• 1994 Bettelheim, Bruno & Ekstein, Rudolf: "Grenzgänge zwischen den Kulturen. Das letzte Gespräch zwischen Bruno Bettelheim und Rudolf Ekstein [de]". In: Kaufhold, Roland (ed.) (1994): Annäherung an Bruno Bettelheim. Mainz (Grünewald): 49–60.

Critical reviews of Bettelheim (works and person)

  • Angres, Ronald: "Who, Really, Was Bruno Bettelheim?", personal essay, Commentary, 90, (4), October 1990: 26–30.
  • Bernstein, Richard: "Accusations of Abuse Haunt the Legacy of Dr. Bruno Bettelheim", The New York Times, November 4, 1990: "The Week in Review" section.
  • Bersihand, Geneviève (1977). Bettelheim [Bettelheim]. Champigny-sur-Marne: R. Jauze. p. 199. ISBN 2-86214-001-5.
  • Dundes, Alan: "Bruno Bettelheim's Uses of Enchantment and Abuses of Scholarship". The Journal of American Folklore, Vol. 104, N0. 411. (Winter, 1991): 74–83.
  • Ekstein, Rudolf (1994): "Mein Freund Bruno (1903–1990). Wie ich mich an ihn erinnere". In: Kaufhold, Roland (ed.) (1994): Annäherung an Bruno Bettelheim. Mainz (Grünewald), S. 87–94.
  • Eliot, Stephen: Not the Thing I Was: Thirteen Years at Bruno Bettelheim's Orthogenic School, St. Martin's Press, 2003.
  • Federn, Ernst (1994): "Bruno Bettelheim und das Überleben im Konzentrationslager". In: Kaufhold, Roland (ed.) (1999): Ernst Federn: Versuche zur Psychologie des Terrors. Gießen (Psychosozial-Verlag): 105–108.
  • Finn M (1997). "In the case of Bruno Bettelheim". First Things (74): 44–8.
  • Fisher, David James: Psychoanalytische Kulturkritik und die Seele des Menschen. Essays über Bruno Bettelheim (co-editor: Roland Kaufhold), Gießen (Psychosozial-Verlag)
  • Fisher, David James: Bettelheim: Living and Dying, Contemporary Psychoanalytic Studies, Amsterdam, New York: Brill/Rodopi, 2008.
  • Frattaroli, Elio: "Bruno Bettelheim's Unrecognized Contribution to Psychoanalytic Thought", Psychoanalytic Review, 81:379–409, 1994.
  • Heisig, James W.: "Bruno Bettelheim and the Fairy Tales", Children's Literature, 6, 1977: 93–115.
  • Kaufhold, Roland (ed.): Pioniere der psychoanalytischen Pädagogik: Bruno Bettelheim, Rudolf Ekstein, Ernst Federn und Siegfried Bernfeld, psychosozial Nr. 53 (1/1993)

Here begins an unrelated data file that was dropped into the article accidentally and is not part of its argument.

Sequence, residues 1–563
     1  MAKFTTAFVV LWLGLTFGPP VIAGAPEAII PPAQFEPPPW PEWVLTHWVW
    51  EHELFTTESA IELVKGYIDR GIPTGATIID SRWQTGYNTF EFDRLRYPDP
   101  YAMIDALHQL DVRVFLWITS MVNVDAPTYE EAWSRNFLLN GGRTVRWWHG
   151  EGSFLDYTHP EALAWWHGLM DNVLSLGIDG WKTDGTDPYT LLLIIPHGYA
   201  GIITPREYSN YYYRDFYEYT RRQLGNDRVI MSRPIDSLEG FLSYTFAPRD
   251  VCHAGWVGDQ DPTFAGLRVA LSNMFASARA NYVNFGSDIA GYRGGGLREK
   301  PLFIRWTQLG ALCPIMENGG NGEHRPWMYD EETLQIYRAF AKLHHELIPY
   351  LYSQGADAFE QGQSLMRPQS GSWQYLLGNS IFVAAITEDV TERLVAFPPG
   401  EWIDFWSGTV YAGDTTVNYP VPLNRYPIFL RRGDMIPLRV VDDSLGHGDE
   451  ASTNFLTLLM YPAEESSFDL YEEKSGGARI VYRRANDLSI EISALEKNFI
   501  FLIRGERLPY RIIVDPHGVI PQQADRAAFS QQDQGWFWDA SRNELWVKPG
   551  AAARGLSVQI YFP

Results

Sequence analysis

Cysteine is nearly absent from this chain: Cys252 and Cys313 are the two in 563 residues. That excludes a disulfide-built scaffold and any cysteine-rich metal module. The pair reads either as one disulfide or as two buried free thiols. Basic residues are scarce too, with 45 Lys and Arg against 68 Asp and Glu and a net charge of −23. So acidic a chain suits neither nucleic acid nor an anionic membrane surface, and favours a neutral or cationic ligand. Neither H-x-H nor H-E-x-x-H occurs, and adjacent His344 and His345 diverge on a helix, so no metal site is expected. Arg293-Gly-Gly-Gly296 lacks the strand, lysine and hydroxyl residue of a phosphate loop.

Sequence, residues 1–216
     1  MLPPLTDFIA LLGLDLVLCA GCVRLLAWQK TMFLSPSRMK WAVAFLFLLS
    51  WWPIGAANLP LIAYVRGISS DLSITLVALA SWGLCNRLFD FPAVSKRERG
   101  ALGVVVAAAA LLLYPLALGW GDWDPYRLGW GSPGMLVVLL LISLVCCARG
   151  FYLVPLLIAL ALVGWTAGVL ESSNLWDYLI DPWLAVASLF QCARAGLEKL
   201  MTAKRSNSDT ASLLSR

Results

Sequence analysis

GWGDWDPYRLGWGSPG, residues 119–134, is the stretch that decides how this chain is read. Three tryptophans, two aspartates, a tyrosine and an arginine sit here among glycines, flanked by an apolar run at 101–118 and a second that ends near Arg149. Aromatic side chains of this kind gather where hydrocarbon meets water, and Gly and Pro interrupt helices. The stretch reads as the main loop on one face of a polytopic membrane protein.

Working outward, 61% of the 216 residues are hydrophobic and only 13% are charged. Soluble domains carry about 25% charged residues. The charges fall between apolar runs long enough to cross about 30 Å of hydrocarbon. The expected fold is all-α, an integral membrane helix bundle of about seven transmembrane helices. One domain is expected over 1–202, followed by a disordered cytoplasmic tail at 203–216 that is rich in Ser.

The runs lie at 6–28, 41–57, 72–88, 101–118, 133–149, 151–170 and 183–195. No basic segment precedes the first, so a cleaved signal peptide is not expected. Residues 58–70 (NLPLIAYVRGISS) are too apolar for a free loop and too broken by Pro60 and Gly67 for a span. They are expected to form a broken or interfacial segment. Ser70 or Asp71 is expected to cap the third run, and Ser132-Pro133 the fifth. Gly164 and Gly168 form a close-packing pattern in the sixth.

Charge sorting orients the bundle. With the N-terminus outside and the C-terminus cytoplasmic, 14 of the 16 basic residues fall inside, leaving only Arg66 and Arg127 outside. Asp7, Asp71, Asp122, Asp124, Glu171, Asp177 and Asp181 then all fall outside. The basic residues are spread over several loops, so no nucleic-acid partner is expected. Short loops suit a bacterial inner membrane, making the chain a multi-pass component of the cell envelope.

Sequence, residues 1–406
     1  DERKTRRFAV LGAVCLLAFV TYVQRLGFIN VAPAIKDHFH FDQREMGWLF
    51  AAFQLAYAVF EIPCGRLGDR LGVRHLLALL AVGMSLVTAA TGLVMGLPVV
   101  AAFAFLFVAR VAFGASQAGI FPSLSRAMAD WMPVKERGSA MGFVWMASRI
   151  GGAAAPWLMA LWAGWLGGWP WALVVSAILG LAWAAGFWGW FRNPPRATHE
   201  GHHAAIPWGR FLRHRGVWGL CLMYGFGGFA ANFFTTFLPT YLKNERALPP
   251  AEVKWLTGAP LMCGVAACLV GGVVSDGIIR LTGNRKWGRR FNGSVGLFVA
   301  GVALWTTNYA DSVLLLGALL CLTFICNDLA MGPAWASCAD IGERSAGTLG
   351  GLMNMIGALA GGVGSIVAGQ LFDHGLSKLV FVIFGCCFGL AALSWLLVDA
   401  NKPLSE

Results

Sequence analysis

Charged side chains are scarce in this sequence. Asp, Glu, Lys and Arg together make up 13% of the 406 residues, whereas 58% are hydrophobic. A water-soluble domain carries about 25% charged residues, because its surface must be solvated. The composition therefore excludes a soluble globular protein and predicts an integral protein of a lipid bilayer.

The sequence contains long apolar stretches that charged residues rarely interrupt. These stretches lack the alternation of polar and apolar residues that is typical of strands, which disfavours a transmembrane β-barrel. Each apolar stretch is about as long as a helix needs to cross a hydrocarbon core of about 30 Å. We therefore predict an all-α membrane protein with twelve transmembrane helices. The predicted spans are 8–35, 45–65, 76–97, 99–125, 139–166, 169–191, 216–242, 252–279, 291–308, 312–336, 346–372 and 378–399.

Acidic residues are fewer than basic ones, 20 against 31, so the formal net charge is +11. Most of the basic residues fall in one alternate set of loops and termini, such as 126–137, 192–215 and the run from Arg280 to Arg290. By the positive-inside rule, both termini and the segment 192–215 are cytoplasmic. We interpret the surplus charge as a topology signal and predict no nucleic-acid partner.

• Kaufhold, Roland (Ed.): Annäherung an Bruno Bettelheim. Mainz, 1994 (Grünewald)
  • Kaufhold, Roland (1999): "Falsche Fabeln vom Guru?" Der "Spiegel" und sein Märchen vom bösen Juden Bruno Bettelheim", Behindertenpädagogik, 38. Jhg., Heft 2/1999, S. 160–187.
  • Kaufhold, Roland: Bettelheim, Ekstein, Federn: Impulse für die psychoanalytisch-pädagogische Bewegung. Gießen, 2001 (Psychosozial-Verlag).
  • Kaufhold, Roland/Löffelholz, Michael (Ed.) (2003): "'So können sie nicht leben' – Bruno Bettelheim (1903–1990)". Zeitschrift für Politische Psychologie 1-3/2003.
  • Lyons, Tom W. (1983), The Pelican and After: A Novel about Emotional Disturbance, Richmond, Virginia: Prescott, Durrell, and Company. This is a roman à clef novel in which the author lived at the Orthogenic School for almost twelve years. The novel's head of the institution is a "Dr. V."
  • Marcus, Paul: Autonomy in the Extreme Situation. Bruno Bettelheim, the Nazi Concentration Camps and the Mass Society, Praeger, Westport, Conn., 1999.
  • Pollak, Richard: The Creation of Dr. B: A Biography of Bruno Bettelheim, Simon & Schuster, New York, 1997.
  • Raines, Theron (2002). Rising to the light : a portrait of Bruno Bettelheim (1 ed.). New York: Alfred A. Knopf. ISBN 0-679-40196-2.
  • Redford, Roberta Carly (2010) Crazy: My Seven Years At Bruno Bettelheim's Orthogenic School, Trafford Publishing, 364 pages.
  • Sutton, Nina: Bruno Bettelheim: The Other Side of Madness, Duckworth Press, London, 1995. (Translated from the French by David Sharp in collaboration with the author. Subsequently, published with the title Bruno Bettelheim, a Life and a Legacy.)
  • Zipes, Jack: "On the Use and Abuse of Folk and Fairy Tales with Children: Bruno Bettelheim's Moralistic Magic Wand", in Zipes, Jack: Breaking the Magic Spell: Radical Theories of Folk and Fairy Tales, University of Texas Press, Austin, 1979.


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External links